Story will host three screenings and informal discussions, focusing on different areas of film which have informed her work

January 2018

1. Early Film: Buster Keaton and Charlie Chaplin – 17 January from 6:30pm
2. Josef von Sternberg's Morocco (1930) – 24 January from 6:15pm (please note early start time)
3. Films of Charlie Chaplin, Segundo de Chomón, Federico Fellini and others –  31 January from 6:30pm

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Early film: Buster Keaton and Charlie Chaplin

Catherine Story and Andrew Brighton

17 January 6.30pm


still from One Week (1920) dir. Buster Keaton

Catherine Story will be in conversation with curator and writer Andrew Brighton about humour and melancholy in the work of Keaton and Chaplin and how this has impacted on Story's work.  The evening will begin at 6:30pm with screenings of two short comedies, Chaplin’s The Floorwalker (1916), and Keaton’s One Week (1920). In the following discussion, Brighton and Story will also explore the pioneering technical innovations of both filmmakers especially in relation to the sets they designed to complement their balletic performances.

Floorwalker is 24 minutes.
One week is 19 minutes.

Andrew Brighton was formerly Curator of Public Programme at Tate. He has written widely on art and its institutions, and also on painting, including most recently for the forthcoming Tate Britain exhibition, All Too Human; Bacon, Freud and a Century of Painting Life. He has long been passionate about early cinema and is currently working on a graphic novel with Catherine Brighton, who also wrote and illustrated Keep Your Eye on the Kid: the early years of Buster Keaton (2008).

Josef von Sternberg's Morocco (1930) 

Catherine Story and Professor Laura Mulvey

24 January 6:15pm (please note earlier start time)
Screening 6.15pm – 7:45pm

Discussion from 8:00pm


Marlene Dietrich and Gary Cooper in a still from Morocco (1930) dir. Josef von Sternberg

Catherine Story will be in conversation with Professor Laura Mulvey, following a screening of Josef von Sternberg's Morocco (1930) featuring Marlene Dietrich in her first Hollywood appearance.  The evening will begin at 6:15pm with a screening of von Sternberg’s classic Morocco (1930), starring Dietrich and Cooper. After a short break, Story and Mulvey will begin an informal discussion at 8:00pm that explores their common interests ranging from lighting design to love, obsession and death in this pre-Code Hollywood film.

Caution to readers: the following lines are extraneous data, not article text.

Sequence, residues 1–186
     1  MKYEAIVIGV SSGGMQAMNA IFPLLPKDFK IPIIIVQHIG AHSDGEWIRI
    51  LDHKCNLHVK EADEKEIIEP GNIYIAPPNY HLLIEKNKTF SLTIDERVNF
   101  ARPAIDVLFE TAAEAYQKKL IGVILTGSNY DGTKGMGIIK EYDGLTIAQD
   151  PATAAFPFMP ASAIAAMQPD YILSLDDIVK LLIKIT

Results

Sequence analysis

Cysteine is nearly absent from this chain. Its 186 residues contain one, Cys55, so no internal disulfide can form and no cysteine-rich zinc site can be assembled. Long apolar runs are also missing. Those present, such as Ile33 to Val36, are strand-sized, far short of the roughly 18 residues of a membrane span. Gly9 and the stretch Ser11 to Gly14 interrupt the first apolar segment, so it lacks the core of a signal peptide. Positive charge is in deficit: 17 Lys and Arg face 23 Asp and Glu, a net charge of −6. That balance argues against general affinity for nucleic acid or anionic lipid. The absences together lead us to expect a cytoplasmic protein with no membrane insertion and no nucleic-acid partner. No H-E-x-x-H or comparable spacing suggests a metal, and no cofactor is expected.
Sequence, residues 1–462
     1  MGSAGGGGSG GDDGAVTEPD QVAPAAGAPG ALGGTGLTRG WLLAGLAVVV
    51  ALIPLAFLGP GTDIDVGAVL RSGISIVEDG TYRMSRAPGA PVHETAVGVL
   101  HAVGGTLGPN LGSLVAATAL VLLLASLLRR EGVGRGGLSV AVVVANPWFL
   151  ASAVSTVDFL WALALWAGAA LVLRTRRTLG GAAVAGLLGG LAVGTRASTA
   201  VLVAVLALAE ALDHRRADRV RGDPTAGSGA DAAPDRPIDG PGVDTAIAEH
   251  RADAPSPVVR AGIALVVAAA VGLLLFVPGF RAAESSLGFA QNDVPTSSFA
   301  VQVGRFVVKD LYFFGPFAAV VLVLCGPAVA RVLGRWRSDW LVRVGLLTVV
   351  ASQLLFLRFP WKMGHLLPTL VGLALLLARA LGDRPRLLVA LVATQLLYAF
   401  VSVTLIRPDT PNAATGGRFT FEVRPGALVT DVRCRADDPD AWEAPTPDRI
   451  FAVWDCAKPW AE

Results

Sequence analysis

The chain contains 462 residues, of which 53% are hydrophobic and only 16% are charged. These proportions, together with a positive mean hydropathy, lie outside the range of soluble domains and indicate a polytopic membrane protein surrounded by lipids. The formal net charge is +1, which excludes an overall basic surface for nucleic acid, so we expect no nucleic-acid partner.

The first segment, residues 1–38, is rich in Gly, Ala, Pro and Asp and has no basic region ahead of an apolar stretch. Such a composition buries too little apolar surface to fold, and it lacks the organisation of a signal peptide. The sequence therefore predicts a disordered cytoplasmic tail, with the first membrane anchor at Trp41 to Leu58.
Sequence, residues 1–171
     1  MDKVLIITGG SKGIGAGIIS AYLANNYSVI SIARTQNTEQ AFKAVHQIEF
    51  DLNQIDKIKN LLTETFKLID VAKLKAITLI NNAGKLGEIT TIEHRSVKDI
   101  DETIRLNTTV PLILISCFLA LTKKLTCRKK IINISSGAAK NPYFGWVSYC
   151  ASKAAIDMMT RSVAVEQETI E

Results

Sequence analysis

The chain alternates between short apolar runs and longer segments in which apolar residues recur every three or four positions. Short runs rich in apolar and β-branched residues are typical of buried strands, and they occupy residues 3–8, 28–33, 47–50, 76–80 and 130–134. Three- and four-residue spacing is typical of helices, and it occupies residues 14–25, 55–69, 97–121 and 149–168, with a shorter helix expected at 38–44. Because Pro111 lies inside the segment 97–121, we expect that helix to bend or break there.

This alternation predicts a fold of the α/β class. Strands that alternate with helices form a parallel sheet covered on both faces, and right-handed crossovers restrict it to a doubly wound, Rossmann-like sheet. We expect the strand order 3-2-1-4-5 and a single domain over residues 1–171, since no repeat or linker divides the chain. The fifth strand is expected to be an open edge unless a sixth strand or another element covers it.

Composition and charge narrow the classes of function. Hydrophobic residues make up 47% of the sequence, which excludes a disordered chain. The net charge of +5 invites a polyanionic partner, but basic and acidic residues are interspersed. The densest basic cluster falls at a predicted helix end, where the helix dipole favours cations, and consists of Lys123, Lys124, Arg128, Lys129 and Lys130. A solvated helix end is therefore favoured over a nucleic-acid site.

Morocco is 1 hour and 32 minutes.

Laura Mulvey is Professor of Film and Media Studies at Birkbeck, University of London. Her work includes Visual and Other Pleasures (Macmillan 1989), Citizen Kane (Macmillan, 1992), Fetishism and Curiosity (BFI, 1996) and Death Twenty-four Times a Second: Stillness and the Moving Image (Reaktion Books, 2006). As a filmmaker, she made six films with Peter Wollen including Penthesilea (1974) and Riddles of the Sphinx (1977).

Clips from films by Charlie Chaplin, Segundo de Chomón, Federico Fellini and others

Catherine Story and Jonathan Allen

31 January 6.30pm

Segundo_de_Chomón_Sculpteur_Moderne 1908.jpeg

still from Sculpteur Moderne (1908) dir. Segundo de Chomón

For this final event, Catherine Story will be in conversation with artist Jonathan Allen.  Beginning at 6:30pm, Story and Allen will screen short film clips that feature optical illusions, trickery and magic while discussing how directors such as Charlie Chaplin, Segundo de Chomón and Federico Fellini have influenced their work. The conversation will also include a premiere screening of kinora reels from the collection of the Magic Circle Museum.

Jonathan Allen is a London-based artist, writer and curator best known for his work addressing the politics of enchantment and various magics at play within late modernity. His recent book Lost Envoy (Strange Attractor, 2016 & MIT Press, 2017) reactivates a forgotten deck of fortune-telling cards hand-painted in 1906 by Austin Osman Spare.

Read Allen's essay on the history of shadow-throwing, Sleight of Light, published in Cabinet's Winter 2006/07 issue here.

This exhibition has been generously supported by the Henry Moore Foundation